If your houseplants have spent the summer outdoors it won’t be long before you’ll be taking them back in the house. While they are outdoors “Mother Nature” can help take care of their watering needs, but when you bring them indoors they are entirely reliant upon you to meet those needs. While watering may seem like a simple task more plants are lost because of improper watering than probably any other cause. Knowing how to properly water your plants is probably the most important information you need to be successful with indoor plants and we’re going to share our indoor watering secrets with you!

Knowing how to water your plants is the first kernel of indoor gardening knowledge. The best way to water your plants is to give them a thorough watering and only water them again when the soil dries out. Frequently watering in small amounts usually means the water doesn’t fully get to the roots where it needs to be absorbed. Conversely, overwatering will push air out of the soil and eventually cause the roots to rot. In either case, the leaves are likely to turn brown or yellow, wilt and drop off the plant, and eventually, the plant will end up in the garbage or on your compost pile.

The second tip about indoor watering is perhaps something that most of us don’t really think too much about; the type of water we use. Tap water is commonly used to water houseplants and it is generally acceptable to do so. However, if you use a water-softener it often contains chemicals that can damage houseplants. Boiled water that is cooled to room temperature is an acceptable way to remove chemicals from your water, such as chlorine, and if you live in a rural setting collected rainwater is another good source of water for your plants. Finally, if you have a freshwater aquarium, when you change the water in your tank you can use it to water your houseplants. This water is often filled with beneficial nutrients in addition to being another water source.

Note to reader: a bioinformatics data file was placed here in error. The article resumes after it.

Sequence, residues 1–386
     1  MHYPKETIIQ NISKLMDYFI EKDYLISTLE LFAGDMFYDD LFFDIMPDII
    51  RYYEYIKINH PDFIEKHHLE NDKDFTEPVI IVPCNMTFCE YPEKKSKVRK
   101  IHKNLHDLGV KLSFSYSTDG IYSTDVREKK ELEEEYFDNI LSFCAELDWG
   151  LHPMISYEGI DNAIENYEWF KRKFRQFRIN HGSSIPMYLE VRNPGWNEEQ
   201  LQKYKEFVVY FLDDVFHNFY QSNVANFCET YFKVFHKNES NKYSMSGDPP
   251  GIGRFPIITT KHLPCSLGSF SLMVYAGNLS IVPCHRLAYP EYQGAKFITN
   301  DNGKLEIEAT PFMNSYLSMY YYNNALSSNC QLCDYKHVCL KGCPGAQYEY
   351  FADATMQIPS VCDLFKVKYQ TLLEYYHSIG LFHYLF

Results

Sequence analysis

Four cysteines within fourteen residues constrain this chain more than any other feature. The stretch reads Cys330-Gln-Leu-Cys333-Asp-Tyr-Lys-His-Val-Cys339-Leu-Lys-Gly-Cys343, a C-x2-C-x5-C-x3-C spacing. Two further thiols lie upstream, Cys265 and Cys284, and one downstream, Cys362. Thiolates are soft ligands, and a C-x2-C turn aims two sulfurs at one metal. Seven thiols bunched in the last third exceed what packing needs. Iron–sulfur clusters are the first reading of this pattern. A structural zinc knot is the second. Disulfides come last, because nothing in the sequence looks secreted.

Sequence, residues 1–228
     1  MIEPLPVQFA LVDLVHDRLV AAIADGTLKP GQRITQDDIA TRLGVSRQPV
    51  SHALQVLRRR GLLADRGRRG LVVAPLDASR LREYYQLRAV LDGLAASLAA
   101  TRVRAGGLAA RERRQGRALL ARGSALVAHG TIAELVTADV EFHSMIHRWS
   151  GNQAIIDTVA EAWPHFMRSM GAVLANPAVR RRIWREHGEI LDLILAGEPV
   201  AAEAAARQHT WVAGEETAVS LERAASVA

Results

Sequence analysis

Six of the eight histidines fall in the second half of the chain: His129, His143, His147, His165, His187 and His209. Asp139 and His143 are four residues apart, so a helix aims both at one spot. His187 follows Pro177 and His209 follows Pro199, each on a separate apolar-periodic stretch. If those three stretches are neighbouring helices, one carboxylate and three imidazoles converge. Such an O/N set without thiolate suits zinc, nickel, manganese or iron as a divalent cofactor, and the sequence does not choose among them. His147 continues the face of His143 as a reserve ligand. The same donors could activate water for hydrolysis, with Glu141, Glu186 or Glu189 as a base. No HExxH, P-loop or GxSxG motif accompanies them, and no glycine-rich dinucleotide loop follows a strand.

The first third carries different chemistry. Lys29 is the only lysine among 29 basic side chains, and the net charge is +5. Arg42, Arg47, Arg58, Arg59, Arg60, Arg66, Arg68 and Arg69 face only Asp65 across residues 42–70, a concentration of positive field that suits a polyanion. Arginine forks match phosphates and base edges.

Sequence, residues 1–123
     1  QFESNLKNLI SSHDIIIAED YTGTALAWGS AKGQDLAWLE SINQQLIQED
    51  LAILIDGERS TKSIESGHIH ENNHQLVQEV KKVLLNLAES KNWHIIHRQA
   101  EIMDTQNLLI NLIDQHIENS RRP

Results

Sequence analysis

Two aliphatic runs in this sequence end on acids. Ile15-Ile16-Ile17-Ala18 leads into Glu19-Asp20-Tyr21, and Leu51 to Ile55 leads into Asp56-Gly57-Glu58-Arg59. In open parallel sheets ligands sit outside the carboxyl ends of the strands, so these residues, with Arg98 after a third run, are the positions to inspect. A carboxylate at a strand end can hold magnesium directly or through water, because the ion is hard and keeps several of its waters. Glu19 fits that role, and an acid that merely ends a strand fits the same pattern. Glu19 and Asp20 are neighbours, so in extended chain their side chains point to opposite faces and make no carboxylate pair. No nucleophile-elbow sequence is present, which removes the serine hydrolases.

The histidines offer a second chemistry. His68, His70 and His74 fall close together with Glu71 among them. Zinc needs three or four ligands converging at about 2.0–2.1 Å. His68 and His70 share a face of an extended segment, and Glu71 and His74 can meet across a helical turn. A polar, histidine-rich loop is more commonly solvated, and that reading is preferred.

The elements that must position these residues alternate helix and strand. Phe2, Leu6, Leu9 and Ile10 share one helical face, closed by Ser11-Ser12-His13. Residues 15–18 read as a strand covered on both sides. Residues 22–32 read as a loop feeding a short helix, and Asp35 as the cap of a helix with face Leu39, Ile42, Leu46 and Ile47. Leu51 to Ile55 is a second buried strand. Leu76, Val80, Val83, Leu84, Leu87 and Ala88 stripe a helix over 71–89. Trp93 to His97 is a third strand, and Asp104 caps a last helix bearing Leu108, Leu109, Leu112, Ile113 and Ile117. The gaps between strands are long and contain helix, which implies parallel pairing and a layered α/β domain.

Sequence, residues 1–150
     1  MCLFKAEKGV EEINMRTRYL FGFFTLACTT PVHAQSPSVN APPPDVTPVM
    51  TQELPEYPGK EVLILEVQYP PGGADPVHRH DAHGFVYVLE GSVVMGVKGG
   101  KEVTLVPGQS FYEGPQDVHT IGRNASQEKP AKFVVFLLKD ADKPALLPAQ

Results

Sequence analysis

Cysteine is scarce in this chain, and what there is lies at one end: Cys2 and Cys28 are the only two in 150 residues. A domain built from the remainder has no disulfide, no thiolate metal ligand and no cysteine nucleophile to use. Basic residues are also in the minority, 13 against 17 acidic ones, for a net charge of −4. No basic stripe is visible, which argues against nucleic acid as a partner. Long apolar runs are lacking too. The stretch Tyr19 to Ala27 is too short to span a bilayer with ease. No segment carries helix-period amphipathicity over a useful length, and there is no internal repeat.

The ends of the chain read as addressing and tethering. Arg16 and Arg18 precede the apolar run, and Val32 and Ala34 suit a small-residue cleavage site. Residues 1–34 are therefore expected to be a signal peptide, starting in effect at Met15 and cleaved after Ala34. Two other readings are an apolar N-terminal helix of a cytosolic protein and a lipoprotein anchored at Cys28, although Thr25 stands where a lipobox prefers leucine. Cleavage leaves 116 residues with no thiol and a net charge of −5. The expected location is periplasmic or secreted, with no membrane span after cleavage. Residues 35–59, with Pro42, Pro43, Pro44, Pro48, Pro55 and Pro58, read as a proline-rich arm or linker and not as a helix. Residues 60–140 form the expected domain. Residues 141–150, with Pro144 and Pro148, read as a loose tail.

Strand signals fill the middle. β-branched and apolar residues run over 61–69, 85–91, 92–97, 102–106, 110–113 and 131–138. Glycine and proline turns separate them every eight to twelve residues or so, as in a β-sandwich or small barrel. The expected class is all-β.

One final piece of advice about proper indoor watering is probably the most difficult part. Knowing when to water can be challenging to learn, but it is usually a matter of learning to “read your plants.” For example, drooping leaves are usually a sure sign that your plant needs water but to be truly successful you need to learn your plants more subtle hints that they are in need of moisture. Each plant will be different and keep in mind that these watering needs change from season to season. A plant that needs a great deal of water in the spring and summer will need less in the fall and winter.

Some signs to keep an eye out for are changes in the color of the plants leaves or the dropping of buds from flowering plants. You can also pick up the pot itself and “weigh” it in your hand. The heavier the plant the less likely it is that it needs water. For larger plants, you can use a moisture gauge which is placed in the soil and tells you if the plant is too dry. Finally, a good rule of thumb to keep in mind is that it is usually better to water less than more. If you are unsure if a plant needs water you can wait a day or two and reassess if watering is still necessary.

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